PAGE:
Climbing In Mooball
Mooball National Park is a well kept secret. It’s on the map but when I first went looking for it I found no signs for it, anywhere. Without a topographical map what I had to do was look at the road map for the general location and try the various roads and tracks until I found it.
I found the entrance just into the Burringbar ranges on the way to Murwillumbah. It’s just a dirt track off the old Highway One and it’s very easy to miss. And dangerous to navigate to from the south.
The actual park is mountainous, as far as I know there is no flat country here. This means almost nobody comes here so there are none of the advantages of a much visited place such as developed trails, lookouts or parking and picnic areas. That’s not a bad thing it’s just a fact. I enjoy the places people don’t often go to, as long as I physically can that is.
It’s also rainforest country. Because of mountainous terrain to catch the clouds and the greenery to help produce them these hills are often shrouded in mist and right now it’s very wet, having been raining on and off for a few weeks.
One of the effects of this rain is the trees soak it up and take the opportunity to expand and grow which often means they shed the old inflexible bark that protected them since the last rains. This leaves them exposed in their fresh new forest colours.
The road through it is very steep in places and hilly almost every other place, though there are a few areas on the side for parking the car. There are fire trails throughout so at least there is some easy walking, it’s not necessary to break a trail or follow the ones made by motorbikes over the years.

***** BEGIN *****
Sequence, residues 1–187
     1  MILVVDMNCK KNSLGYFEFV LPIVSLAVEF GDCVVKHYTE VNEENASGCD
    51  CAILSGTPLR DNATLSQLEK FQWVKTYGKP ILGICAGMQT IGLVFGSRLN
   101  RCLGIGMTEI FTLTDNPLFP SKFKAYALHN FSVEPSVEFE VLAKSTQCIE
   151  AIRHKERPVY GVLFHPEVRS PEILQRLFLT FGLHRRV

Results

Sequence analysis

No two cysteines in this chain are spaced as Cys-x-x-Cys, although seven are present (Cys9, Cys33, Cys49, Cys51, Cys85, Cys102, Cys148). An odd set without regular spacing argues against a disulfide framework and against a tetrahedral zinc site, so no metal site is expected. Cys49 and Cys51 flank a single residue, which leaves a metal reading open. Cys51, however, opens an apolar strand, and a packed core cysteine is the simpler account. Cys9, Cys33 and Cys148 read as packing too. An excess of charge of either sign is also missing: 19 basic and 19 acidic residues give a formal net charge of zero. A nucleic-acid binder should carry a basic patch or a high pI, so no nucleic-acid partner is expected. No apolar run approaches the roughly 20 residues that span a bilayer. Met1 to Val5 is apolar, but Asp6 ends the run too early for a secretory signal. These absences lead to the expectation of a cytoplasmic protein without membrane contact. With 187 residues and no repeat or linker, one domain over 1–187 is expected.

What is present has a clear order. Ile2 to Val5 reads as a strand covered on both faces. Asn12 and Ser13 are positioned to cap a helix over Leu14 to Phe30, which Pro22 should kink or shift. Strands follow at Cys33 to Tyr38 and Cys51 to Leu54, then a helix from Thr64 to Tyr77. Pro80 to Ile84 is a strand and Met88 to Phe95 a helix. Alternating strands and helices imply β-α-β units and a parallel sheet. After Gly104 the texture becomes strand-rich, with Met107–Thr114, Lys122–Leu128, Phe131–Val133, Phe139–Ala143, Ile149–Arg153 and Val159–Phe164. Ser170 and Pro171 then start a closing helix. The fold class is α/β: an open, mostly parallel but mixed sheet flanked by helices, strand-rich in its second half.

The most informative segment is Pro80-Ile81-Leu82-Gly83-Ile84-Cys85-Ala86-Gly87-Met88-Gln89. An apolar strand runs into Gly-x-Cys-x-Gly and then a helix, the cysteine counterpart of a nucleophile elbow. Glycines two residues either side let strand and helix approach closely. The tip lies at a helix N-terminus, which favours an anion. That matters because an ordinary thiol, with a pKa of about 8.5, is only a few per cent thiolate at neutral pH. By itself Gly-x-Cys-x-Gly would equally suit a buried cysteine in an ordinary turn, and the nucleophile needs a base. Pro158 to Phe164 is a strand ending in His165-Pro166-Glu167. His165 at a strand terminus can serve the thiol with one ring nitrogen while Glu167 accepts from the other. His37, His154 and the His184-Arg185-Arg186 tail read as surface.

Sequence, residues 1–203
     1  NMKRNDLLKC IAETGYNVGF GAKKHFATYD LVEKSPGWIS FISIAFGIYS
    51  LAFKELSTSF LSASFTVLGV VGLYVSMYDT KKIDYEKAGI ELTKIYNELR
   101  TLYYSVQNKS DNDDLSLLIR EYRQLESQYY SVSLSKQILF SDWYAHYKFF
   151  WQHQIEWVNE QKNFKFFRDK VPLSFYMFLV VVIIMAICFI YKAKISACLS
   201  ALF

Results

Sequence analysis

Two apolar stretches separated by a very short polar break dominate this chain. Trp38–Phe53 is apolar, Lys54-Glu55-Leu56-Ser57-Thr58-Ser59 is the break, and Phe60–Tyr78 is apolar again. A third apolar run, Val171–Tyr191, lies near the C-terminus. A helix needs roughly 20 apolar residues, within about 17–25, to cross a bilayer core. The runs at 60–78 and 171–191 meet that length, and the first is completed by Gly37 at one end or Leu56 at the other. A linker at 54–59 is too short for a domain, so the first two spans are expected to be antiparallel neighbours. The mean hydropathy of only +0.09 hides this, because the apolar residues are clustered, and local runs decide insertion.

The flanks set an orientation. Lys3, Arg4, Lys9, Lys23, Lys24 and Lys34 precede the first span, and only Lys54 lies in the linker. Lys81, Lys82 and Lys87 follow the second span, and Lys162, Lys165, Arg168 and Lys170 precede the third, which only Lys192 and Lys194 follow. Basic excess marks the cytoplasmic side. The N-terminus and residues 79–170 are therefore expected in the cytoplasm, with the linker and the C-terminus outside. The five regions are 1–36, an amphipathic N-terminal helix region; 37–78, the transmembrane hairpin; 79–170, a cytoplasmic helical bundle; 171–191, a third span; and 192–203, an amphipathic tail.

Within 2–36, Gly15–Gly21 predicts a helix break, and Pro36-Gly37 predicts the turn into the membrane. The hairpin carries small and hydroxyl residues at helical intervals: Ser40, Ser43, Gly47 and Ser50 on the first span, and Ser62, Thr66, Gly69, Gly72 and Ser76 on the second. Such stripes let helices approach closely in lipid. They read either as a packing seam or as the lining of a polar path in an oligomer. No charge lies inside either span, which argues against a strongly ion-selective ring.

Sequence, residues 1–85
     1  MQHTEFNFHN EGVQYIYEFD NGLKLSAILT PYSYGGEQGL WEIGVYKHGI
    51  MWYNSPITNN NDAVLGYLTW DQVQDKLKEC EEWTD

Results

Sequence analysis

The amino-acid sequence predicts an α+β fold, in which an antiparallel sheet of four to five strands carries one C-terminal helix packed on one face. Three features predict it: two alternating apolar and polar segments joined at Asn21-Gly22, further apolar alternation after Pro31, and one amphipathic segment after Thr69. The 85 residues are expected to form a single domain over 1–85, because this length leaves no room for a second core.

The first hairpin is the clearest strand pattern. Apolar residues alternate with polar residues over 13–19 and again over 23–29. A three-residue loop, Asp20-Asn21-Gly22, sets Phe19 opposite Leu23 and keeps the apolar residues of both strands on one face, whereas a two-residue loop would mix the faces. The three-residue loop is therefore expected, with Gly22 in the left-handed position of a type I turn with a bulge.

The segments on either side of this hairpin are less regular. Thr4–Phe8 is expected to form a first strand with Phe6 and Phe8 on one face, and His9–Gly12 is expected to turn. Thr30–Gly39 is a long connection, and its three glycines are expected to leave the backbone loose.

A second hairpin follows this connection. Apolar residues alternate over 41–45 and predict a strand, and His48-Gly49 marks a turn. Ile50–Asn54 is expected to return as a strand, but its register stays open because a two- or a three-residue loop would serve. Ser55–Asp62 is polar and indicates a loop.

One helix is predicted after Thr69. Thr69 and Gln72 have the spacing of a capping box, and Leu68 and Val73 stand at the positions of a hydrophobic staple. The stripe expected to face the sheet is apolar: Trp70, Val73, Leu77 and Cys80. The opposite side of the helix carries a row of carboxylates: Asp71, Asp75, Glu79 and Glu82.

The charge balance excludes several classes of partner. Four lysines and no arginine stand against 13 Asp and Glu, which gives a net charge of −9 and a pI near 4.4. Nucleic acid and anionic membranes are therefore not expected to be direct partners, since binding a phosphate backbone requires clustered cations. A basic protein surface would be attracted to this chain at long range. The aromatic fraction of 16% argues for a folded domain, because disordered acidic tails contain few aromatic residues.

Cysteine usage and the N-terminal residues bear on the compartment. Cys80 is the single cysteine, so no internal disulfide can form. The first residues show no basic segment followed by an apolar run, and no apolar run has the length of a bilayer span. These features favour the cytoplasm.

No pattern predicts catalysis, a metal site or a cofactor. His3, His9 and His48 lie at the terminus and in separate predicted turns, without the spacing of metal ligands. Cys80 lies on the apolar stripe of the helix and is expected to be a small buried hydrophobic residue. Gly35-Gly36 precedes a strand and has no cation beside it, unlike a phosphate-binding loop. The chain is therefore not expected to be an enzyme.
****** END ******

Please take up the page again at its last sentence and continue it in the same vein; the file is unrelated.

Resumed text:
This one is well out of the way. It’s on top of a hill where there was once a house and now there’s a radio mast, and goes down into the valley below where there are a few small farms.
I discovered an interesting looking mushroom on this trail. It’s furry, or shaggy haired, a unique expression of fungi.
These hills are around three to four hundred metres high and the walking is more like climbing at times and I love it. Once the body is used to the exertion it’s a pleasure to walk here. There is always some new nook or cranny to be explored or some old one in a new season, it’s always different.
You can even see the ocean from places here, it’s that horizontal white line in the distance, right of centre.
I went on from this place to one of the trails I know and parked the car, put my hat on and got my trusty stick from the back seat. It’s just a light young tree left to cure in its skin for a while, then peeled of its bark and sanded for smoothness and cut to size – around five foot long.
I find it invaluable these days, as an aid to walking and climbing and for touching things at a distance to see if anything moves. It’s also handy at times for steadying my camera hand, though you wouldn’t know it to look at some of the pix.
It was nice and easy walking on this trail. Cool, wet, with the occasional shower, and relaxing. As I got further up the trail I started hearing squeaks that sounded like frogs calling to each other. The sounds were coming from the side of the trail where the rainwater runs down so I stopped to check it out.
I was hunkered down facing the bank with my feet just in the water listening for the location of the sounds. They seemed to be coming from very distinct areas but when I moved the leaf litter I found only more leaf litter and dirt. I checked a number of areas like this but found no sign of the frogs at all. So I let them go, maybe they will show themselves another time.
I have heard it said the first is the hardest to find, but once you have seen one they are then all over the place. Well it’s true the first, of anything, is hardest to do. Like overcoming the primarily physical barrier of climbing the highest or hardest mountain. Or the barrier, primarily of will or resistance, to the detachment from mind – to realise no mind.